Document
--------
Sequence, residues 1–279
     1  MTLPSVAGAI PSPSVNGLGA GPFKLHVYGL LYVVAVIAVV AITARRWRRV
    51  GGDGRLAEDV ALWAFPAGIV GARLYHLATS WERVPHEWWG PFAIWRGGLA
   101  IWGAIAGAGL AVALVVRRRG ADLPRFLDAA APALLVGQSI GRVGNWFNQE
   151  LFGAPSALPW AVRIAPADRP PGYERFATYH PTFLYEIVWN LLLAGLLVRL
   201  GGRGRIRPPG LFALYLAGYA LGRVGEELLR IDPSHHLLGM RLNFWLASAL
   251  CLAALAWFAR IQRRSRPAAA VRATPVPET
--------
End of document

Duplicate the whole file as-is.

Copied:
Sequence, residues 1–279
     1  MTLPSVAGAI PSPSVNGLGA GPFKLHVYGL LYVVAVIAVV AITARRWRRV
    51  GGDGRLAEDV ALWAFPAGIV GARLYHLATS WERVPHEWWG PFAIWRGGLA
   101  IWGAIAGAGL AVALVVRRRG ADLPRFLDAA APALLVGQSI GRVGNWFNQE
   151  LFGAPSALPW AVRIAPADRP PGYERFATYH PTFLYEIVWN LLLAGLLVRL
   201  GGRGRIRPPG LFALYLAGYA LGRVGEELLR IDPSHHLLGM RLNFWLASAL
   251  CLAALAWFAR IQRRSRPAAA VRATPVPET